It could be any warehouse in Australia. In fact, you may travel past it every day and not even know.
In multiple secret locations across Australia, about $100 million worth of medical supplies – including 20 million masks, antibiotics, vaccines and equipment such as basic hand sanitisers – is sitting on huge pallets wrapped in plastic, ready to be deployed.
It has been gradually accumulated over more than a decade in case of a bioterrorist attack, medical emergencies or pandemics.
It's known as the National Medical Stockpile (NMS).
And with coronavirus almost certain to be declared a pandemic, according to the Prime Minister, the stockpile is now, according to health authorities, set to become a critical element of the response to COVID-19 – its first major use in more than a decade.
How does it work?
States and territories request access to the stockpile – which is described by the Department of Health as a "strategic reserve of pharmaceuticals and personal protective equipment" – with final approval given by chief medical officer Brendan Murphy.
So far during the coronavirus epidemic, more than 1.4 million surgical masks have been handed to GPs, health workers, pharmacists, and government agencies dealing with "at-risk or high-risk individuals at the border".
Some stock is pre-positioned in the states and territories to ensure more rapid access to products in emergency situations, a Department of Health spokeswoman said.
The equipment is held in various nondescript warehouse locations across Australia, each one kept secret and under tight security because of concerns of terrorist attack.
Last month, Health Minister Greg Hunt gave a rare insight into the warehouses, posting a photo on social media that showed hundreds of pallets of face masks stacked up over five levels.
Health Minister Greg Hunt touring one of the National Medical Stockpile warehouses in January. Photo: Twitter
Since the coronavirus became a worldwide medical emergency, the Federal Government has been building up its supplies.
In January, Mr Hunt said they had 12 million facemasks. Yesterday he revealed they had 20 million in storage.
"We are well stocked," he said on Friday.
"The priority is obviously in protecting the frontline clinicians and we will work with states and territories and primary health networks or whatever bodies to make sure that supplies are delivered to where they are needed.
"We do have strong supply chains. As part of our job, that is one of the items that was a specific Commonwealth action item."
There is no vaccine, but some drugs, such as antiviral medicine remdesivir, have been shown to help. However, Mr Hunt gave no indication that the Federal Government had been stocking up on remdesivir, or any other drugs.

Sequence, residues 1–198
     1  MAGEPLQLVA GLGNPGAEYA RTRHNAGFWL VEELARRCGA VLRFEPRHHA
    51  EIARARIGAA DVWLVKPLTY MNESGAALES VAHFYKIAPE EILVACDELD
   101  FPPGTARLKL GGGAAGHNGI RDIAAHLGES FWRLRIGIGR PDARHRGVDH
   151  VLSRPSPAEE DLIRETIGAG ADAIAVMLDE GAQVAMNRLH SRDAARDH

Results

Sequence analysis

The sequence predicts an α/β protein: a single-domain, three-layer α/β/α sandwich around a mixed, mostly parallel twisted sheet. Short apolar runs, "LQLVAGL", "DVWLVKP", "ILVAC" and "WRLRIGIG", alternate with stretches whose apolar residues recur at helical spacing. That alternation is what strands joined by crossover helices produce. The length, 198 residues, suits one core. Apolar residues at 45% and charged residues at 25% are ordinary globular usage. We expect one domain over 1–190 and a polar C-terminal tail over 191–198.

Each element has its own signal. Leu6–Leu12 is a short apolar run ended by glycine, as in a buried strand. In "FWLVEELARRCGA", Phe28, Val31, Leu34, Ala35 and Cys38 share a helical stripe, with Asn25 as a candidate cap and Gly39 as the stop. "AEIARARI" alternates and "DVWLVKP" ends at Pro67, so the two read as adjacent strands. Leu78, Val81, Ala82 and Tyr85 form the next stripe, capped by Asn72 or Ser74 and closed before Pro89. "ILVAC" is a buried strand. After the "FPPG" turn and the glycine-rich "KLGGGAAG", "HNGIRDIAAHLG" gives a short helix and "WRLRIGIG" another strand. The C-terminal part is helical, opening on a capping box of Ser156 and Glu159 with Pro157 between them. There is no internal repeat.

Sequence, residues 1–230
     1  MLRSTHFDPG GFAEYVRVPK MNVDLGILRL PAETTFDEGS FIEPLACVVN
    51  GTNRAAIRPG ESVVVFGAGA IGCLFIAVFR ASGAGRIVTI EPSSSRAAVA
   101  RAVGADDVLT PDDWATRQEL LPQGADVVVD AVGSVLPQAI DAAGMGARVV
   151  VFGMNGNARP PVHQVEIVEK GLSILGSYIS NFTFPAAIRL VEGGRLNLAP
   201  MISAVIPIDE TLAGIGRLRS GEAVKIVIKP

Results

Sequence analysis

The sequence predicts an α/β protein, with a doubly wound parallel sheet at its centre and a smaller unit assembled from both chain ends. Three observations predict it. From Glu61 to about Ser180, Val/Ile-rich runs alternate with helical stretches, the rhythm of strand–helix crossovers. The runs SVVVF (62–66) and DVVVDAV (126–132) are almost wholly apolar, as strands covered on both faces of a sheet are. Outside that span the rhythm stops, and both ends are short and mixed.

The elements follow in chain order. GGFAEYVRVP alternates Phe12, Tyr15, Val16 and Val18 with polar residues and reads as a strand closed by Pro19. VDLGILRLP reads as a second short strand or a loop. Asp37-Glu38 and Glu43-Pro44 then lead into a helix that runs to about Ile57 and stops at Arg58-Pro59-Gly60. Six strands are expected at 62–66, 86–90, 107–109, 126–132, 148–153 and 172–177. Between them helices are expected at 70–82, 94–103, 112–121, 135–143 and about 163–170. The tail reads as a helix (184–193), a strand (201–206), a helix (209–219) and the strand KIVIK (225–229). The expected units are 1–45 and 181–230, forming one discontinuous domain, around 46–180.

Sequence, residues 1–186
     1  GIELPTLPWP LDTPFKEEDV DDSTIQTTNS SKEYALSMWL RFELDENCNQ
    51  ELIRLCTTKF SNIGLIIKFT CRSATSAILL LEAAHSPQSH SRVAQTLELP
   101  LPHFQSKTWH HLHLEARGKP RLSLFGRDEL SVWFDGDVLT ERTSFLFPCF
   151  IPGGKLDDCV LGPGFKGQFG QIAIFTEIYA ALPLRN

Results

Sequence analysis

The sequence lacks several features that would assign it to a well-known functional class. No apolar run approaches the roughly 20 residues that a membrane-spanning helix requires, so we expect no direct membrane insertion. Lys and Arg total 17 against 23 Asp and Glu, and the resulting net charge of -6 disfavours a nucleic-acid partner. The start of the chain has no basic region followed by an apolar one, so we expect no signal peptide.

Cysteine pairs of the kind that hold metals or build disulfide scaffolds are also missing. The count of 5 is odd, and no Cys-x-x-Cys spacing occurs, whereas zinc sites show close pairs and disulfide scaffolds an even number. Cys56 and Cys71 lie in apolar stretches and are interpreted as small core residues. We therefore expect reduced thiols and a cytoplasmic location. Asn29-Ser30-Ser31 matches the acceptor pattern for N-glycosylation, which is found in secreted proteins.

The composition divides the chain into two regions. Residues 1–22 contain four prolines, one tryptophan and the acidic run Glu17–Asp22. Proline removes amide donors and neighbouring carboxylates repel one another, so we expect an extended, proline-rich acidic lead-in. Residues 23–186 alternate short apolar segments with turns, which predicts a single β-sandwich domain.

The last high-profile use of the stockpile came during the 2009 swine flu pandemic. More than 900,000 courses of antivirals, valued at about $29 million, were deployed, with 2.1 million pieces of personal protective equipment also handed out.
Are there shortages of anything now?
Experts have raised concerns over gaps in the supply chain as Chinese factories remain closed because of the COVID-19 threat.
According to the World Health Organisation, China makes up about 20 per cent of the global output of active pharmaceutical ingredients.
However, some experts contest that figure and have gone as far as to describe China as having a "global choke-hold" on the chemical components that make up key pharmaceutical ingredients.
UNSW global biosecurity professor Raina MacIntyre said Australia "will see an impact" in supplies of some medical equipment and drugs in the general public.
"We have just-in-time economies where we don't have huge stockpiles that'll keep us going for months and months," she said.
"It is possible that patients will be affected by shortages, there might be very specific drugs that are made only in China or solely in China."
"Although, China is gradually opening up factories and trying to get back to business as normal."
Australian Medical Association president Tony Bartone said there were "some reports" of certain medications and masks not being available.
"One of the key sources of supply is obviously the Chinese manufacturing sector and clearly they are confronting their own issues regarding logistical supply," he said.
A sign saying face masks had sold out in a pharmacy in Adelaide. Photo: Twitter
On Friday, the president of the Royal Australian College of GPs, Harry Nespolon, said GPs urgently needed more protective equipment – including goggles and protective suits – so they could safely assess people who might have coronavirus.
Reports have already emerged of people panic-buying masks this week, following on from earlier panic-buying when the virus first came to light.
What else is in the National Medical Stockpile?
Over the past 15 years, the total investment in the NMS has been about $900 million.
According to the Department of Health, about 80 per cent of the stockpile's value was tied up in pharmaceuticals, including antivirals such as Tamiflu and Relenza.
A 2014 auditor-general's report – one of the few publicly-available documents online about the NMS – found as antivirals typically lasted for seven to 10 years, the "significant cost" of the NMS came because most drugs had to be thrown out.
It also holds a limited supply of "highly specialised drugs" which, in an emergency, may not be available elsewhere in the Australian pharmaceutical supply system.
In 2014, it said 14 per cent of items were related to chemical, biological, radiological and nuclear defence including "responses to anthrax and human influenza pandemics".